Islam in Lebanon is divided up by four sects; Shi'a, Sunni, Alawite, and Ismailis. Muslims account for 59.7% of the total population of Lebanon, where 39% are Christians.

About 25% of the Lebanese population is Sunni, concentrated largely in coastal cities. Shi'is - about 35% of the total population of Lebanon - live mostly in the northern area of the Beqaa Valley and southern Lebanon.

Religious officials of each sect maintain jurisdiction over personal status law. The distribution of political power is based on religious affiliation: the president must be Maronite Catholic Christian, the speaker of the parliament must be Shia Muslim and the prime minister must be Sunni Muslim.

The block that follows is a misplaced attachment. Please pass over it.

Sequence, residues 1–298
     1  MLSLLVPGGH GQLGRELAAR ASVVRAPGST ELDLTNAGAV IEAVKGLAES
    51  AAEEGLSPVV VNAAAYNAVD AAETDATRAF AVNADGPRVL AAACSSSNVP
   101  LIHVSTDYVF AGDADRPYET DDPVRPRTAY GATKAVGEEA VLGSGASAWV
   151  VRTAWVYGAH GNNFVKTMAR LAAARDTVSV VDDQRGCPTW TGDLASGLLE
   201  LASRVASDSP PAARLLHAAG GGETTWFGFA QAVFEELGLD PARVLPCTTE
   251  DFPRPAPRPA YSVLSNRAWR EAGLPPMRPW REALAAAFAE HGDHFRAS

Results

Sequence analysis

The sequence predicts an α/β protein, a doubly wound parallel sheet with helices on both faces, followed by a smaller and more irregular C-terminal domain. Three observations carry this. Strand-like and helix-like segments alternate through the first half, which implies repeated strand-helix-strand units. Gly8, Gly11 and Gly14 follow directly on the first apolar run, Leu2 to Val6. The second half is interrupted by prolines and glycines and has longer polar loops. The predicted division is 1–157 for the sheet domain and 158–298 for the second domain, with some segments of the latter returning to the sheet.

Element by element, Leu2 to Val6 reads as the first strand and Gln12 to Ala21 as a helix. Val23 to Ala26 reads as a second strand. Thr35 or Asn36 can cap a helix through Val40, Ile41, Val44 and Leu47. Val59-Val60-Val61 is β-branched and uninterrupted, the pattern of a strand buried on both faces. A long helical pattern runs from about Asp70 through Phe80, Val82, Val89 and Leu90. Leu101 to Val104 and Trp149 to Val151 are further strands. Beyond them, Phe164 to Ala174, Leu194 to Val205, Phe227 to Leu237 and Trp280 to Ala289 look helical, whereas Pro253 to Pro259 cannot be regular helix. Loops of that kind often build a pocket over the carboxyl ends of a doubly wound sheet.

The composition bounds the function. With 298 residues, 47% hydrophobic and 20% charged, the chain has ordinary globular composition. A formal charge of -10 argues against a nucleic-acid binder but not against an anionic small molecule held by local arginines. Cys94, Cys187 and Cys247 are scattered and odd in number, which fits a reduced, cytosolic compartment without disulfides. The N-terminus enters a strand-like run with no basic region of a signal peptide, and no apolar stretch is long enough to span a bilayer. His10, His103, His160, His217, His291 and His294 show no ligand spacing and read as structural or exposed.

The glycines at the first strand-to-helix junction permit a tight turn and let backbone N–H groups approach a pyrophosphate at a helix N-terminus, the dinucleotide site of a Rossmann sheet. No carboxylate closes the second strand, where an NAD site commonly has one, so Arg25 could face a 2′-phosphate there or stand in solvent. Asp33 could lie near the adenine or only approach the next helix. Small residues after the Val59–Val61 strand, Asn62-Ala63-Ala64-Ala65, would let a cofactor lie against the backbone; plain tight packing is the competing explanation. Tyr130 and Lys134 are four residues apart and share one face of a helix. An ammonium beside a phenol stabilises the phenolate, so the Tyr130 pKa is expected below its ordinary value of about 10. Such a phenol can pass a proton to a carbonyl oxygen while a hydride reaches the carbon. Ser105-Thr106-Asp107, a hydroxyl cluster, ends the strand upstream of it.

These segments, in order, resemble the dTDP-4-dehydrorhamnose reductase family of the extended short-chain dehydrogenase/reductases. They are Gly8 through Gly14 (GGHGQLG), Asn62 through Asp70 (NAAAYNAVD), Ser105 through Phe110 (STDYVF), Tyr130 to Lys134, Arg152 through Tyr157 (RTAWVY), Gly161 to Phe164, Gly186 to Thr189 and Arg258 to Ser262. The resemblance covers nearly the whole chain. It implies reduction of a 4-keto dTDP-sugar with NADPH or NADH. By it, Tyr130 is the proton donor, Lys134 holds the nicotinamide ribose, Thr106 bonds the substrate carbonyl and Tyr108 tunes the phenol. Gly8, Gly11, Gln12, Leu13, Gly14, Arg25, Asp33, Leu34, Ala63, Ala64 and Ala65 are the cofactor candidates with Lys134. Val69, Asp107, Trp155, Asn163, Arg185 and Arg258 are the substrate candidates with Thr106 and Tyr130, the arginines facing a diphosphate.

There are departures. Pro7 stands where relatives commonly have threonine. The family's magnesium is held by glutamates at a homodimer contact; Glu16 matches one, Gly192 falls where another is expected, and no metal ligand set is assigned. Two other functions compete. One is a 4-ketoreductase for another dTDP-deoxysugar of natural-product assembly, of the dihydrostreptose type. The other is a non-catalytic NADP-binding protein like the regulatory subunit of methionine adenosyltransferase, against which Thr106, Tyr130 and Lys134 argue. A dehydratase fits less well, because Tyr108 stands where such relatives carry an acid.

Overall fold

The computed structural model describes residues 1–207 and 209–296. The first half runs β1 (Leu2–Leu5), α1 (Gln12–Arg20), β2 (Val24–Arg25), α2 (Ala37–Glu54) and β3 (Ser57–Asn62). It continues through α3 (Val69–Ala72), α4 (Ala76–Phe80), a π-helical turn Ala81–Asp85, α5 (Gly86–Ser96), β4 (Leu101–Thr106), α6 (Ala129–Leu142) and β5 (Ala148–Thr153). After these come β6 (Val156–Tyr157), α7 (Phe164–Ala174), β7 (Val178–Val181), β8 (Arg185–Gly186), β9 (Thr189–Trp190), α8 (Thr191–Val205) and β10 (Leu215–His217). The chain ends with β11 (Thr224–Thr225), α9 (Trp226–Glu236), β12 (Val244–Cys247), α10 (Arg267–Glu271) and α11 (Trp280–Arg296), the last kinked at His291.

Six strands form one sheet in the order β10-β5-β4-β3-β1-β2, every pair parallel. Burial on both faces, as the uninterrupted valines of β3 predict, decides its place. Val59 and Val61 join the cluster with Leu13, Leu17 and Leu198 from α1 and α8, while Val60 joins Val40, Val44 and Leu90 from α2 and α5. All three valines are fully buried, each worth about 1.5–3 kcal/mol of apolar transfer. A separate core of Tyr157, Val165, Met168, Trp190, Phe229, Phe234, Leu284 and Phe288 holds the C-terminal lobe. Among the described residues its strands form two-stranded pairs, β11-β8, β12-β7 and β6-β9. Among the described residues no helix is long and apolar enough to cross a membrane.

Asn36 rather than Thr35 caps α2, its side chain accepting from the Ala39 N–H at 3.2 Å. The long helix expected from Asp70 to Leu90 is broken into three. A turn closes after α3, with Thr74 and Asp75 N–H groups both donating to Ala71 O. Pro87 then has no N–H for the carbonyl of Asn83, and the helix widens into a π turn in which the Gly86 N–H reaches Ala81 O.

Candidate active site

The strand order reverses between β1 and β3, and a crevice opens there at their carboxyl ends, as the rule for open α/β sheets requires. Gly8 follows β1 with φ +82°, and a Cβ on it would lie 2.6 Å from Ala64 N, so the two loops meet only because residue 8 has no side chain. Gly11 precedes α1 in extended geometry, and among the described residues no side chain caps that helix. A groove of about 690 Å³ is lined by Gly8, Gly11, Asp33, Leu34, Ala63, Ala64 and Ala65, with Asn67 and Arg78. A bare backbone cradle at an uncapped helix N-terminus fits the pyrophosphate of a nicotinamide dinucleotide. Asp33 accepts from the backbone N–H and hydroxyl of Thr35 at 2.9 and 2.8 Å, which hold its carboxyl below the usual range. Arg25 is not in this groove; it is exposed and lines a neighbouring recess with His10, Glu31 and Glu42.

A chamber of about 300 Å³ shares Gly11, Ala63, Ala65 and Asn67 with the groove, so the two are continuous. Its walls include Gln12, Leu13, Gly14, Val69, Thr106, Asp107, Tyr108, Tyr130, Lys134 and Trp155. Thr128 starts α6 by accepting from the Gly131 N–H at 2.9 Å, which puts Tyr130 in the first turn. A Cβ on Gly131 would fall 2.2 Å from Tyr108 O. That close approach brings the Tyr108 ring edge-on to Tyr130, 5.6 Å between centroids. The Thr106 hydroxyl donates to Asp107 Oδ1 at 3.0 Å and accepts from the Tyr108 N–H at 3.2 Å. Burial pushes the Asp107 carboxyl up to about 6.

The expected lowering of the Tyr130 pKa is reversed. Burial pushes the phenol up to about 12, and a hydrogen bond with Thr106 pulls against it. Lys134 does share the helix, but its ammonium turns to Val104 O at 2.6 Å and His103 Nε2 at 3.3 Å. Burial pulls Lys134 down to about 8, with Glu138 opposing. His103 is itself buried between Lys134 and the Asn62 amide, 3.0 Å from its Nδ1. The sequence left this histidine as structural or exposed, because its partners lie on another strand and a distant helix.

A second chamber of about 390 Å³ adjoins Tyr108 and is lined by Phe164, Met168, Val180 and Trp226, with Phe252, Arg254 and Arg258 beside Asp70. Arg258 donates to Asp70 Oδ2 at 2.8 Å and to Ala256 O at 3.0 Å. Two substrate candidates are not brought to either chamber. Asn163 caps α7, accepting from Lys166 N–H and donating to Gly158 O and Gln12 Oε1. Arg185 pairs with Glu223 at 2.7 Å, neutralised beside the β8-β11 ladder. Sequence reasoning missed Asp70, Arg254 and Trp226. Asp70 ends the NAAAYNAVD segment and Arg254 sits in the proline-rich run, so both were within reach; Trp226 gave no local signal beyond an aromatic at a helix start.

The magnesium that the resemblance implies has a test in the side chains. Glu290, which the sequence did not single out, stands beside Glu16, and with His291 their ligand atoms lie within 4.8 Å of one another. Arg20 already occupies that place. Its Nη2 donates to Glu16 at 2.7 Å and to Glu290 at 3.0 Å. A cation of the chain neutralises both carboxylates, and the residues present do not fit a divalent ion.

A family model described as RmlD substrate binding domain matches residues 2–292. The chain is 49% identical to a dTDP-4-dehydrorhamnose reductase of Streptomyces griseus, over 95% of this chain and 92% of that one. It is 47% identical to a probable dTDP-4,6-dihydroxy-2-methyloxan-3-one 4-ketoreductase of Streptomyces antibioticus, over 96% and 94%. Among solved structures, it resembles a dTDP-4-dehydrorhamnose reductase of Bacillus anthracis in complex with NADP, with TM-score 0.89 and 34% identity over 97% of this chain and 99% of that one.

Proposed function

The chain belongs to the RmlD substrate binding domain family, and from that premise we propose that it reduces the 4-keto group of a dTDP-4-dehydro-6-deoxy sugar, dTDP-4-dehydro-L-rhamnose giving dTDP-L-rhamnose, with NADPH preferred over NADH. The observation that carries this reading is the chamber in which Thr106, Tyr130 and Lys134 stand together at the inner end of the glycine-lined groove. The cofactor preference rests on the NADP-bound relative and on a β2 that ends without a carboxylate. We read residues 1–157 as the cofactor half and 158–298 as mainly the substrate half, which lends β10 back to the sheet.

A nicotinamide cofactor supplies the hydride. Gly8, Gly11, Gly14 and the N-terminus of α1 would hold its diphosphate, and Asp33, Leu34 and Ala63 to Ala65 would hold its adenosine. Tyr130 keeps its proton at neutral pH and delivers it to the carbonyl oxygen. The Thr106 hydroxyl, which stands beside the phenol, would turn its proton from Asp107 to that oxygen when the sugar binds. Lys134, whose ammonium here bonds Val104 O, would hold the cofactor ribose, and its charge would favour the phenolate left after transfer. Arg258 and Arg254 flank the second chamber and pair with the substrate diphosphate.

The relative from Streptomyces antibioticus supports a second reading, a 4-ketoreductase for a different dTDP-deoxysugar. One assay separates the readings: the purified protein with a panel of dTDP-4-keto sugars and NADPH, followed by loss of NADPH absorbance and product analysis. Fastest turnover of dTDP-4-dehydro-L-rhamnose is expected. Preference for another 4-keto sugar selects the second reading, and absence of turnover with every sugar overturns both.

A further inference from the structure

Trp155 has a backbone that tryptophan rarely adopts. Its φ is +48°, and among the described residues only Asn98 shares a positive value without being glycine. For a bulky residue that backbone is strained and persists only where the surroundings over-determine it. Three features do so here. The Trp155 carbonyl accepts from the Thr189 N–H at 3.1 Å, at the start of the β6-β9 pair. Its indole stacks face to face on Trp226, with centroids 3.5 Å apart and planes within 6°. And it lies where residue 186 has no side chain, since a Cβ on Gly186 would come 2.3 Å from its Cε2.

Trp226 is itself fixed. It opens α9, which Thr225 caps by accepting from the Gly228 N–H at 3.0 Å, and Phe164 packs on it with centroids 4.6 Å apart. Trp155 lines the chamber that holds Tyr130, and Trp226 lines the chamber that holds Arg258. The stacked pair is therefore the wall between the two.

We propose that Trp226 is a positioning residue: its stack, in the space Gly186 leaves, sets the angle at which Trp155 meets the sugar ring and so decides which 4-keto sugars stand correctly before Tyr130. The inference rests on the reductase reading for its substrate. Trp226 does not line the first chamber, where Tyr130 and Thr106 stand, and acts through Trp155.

One of Lebanon's famous mosques is the Mohammad al-Amin Mosque in Beruit. The blue-domed mosque has an Ottoman inspiration, copying the Sultan Ahmed Mosque in Istanbul, Turkey.

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